The Association of University Teachers' complaint about payment for external examiners serves no one if, as appears from your report, it presents a disingenuous case bordering on dishonesty ("External examiners treated with shameful disdain", THES, April 30). The case is an insult to those who are paid below the minimum wage and fails to tackle the real professional issue of an appropriate load properly distributed.
As at least senior lecturers, no external examiners are paid below the basic minimum wage; they are all far, far above it. External examiners do not have their wages stopped because they are engaged in examining another institution's candidate in their own institution's time. Thus the additional payment is, effectively, an honorarium or gratuity. The diminution of the stature of the role that an argument over the size of the tip inevitably engenders should be avoided by applying a professional, contractual formality to the duty.
HE institutions have rejected the professional and logical solution of creating a register of examiners and making external examining a formal obligation for all suitably experienced lecturers. Thus we continue with a badly regulated and poorly supported casual system. Aside from the problem of "favours" and quid pro quo between colleagues in different institutions, this also means we have no adequate and nationally agreed criteria, guidance or training for examiners (though, presumably, Oxbridge will want to call this argument a threat to diversity).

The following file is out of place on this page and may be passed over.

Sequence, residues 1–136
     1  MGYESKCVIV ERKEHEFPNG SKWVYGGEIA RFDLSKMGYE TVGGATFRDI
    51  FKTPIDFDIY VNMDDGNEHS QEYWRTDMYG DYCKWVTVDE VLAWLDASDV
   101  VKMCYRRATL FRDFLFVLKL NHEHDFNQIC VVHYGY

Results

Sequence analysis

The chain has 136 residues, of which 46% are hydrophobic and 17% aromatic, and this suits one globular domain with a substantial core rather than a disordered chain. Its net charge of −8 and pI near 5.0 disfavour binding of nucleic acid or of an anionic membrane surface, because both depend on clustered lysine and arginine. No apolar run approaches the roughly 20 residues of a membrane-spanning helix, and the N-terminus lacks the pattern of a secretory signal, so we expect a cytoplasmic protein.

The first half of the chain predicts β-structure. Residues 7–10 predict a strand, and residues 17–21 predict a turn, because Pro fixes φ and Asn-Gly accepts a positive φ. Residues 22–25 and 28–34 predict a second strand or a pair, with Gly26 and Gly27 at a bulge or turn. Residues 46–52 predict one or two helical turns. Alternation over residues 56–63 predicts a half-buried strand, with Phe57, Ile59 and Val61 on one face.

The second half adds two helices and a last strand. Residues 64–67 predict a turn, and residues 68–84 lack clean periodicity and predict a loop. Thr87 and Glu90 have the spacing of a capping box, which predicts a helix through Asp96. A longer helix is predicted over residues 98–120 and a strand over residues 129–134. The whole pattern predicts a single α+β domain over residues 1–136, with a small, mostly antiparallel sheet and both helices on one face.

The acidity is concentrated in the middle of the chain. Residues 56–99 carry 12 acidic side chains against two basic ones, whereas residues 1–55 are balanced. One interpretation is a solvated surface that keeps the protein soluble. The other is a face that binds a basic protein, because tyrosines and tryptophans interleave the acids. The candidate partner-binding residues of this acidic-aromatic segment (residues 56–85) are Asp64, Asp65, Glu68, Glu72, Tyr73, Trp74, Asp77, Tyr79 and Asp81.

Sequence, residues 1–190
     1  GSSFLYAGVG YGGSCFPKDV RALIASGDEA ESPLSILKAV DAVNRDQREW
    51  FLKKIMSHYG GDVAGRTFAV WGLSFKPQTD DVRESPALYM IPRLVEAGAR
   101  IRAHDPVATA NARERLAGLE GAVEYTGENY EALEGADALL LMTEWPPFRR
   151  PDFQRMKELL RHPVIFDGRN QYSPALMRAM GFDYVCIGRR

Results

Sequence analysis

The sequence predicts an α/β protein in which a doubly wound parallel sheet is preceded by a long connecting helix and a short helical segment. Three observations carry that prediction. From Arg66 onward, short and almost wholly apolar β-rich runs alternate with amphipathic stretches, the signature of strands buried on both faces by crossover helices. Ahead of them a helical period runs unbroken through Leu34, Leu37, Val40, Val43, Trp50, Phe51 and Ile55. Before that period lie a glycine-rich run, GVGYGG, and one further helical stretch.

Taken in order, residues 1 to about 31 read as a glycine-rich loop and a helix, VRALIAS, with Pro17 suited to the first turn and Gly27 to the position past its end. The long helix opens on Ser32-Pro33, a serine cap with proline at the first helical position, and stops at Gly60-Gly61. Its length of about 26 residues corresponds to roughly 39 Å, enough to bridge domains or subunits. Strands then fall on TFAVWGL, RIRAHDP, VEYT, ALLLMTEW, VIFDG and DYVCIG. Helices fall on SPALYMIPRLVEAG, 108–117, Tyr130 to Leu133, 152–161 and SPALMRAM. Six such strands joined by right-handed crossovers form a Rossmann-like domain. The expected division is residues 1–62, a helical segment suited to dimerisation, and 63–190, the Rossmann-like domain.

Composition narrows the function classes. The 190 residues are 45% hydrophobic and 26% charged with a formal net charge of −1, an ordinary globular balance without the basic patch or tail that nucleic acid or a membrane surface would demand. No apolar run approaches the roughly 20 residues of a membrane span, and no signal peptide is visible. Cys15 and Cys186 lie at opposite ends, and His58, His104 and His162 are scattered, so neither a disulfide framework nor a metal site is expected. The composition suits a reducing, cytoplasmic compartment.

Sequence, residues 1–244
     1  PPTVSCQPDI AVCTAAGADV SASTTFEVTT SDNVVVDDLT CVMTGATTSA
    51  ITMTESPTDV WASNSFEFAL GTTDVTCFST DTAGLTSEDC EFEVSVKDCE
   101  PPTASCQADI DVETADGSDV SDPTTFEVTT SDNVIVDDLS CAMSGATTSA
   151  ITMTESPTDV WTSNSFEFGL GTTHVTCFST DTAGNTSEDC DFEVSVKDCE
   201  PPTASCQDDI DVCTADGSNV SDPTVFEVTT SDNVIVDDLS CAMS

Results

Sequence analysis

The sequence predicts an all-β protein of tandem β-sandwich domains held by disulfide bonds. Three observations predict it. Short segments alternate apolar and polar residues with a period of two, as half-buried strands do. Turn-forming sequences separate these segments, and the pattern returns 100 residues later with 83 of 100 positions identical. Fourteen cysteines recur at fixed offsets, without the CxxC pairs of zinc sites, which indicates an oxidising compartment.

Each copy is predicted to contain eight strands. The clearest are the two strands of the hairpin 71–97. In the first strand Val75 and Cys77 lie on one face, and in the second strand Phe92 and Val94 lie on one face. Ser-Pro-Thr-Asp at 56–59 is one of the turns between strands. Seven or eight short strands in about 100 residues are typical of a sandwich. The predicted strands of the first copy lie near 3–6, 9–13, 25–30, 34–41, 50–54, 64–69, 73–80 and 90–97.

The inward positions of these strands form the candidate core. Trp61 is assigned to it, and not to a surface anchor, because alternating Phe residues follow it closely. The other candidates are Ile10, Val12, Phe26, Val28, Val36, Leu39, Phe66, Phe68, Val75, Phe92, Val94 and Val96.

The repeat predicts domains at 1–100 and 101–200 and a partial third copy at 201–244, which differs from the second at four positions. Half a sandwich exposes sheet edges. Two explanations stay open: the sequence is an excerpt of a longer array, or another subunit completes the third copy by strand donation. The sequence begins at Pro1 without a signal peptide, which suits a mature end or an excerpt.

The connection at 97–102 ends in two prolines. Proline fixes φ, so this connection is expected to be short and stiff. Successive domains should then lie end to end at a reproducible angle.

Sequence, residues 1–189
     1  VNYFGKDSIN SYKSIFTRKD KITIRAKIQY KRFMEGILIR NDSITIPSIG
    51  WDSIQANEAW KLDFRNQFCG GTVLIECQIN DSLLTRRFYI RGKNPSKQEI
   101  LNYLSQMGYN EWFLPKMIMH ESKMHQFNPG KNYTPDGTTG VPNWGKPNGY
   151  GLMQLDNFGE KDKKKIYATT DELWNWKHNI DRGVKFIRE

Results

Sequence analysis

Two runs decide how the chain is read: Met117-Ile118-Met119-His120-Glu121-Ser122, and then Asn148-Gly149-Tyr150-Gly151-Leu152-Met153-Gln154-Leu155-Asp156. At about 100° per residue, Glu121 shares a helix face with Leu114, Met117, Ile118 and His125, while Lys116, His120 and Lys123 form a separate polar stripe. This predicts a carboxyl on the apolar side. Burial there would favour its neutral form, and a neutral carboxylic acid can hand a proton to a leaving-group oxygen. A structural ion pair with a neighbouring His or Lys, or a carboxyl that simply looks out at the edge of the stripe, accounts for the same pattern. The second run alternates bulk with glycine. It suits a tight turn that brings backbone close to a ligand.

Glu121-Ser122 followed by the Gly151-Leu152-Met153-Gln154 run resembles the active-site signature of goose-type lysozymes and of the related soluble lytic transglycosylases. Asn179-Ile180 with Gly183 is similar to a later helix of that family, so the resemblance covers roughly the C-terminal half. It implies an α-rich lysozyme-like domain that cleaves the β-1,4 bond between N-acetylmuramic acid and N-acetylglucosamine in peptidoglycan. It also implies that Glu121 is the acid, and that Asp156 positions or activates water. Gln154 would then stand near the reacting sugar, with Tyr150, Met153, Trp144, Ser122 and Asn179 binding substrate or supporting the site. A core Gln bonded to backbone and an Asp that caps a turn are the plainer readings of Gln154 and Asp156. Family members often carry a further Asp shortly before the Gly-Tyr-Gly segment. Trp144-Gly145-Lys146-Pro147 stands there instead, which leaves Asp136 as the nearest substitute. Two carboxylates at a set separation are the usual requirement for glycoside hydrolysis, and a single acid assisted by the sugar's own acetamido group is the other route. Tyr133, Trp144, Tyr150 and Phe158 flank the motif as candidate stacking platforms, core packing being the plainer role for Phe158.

Dearing's hope that academics would see themselves as carrying a collective responsibility for standards is yet again undermined by an attachment to mechanisms that have no rightful place in a system of mass higher education. The very establishment of the external examiner approach rejected the outmoded notion of communities of scholars acknowledging achievement without reference to external judgement. In seeking to confirm one's own judgement by adding the view of another, independent authority, autonomy was properly surrendered to the higher value of critical agreement. The real reward for all concerned lies in the enhanced level of security offered by an independent review.
Appropriate payment has been constantly denied for the ordinary academic and research work of higher education lecturers. That problem should not be addressed by seeking to improve the tips or by adding, as is now the fashion, curious and possibly dubious service charges.
Andrew Morgan Swansea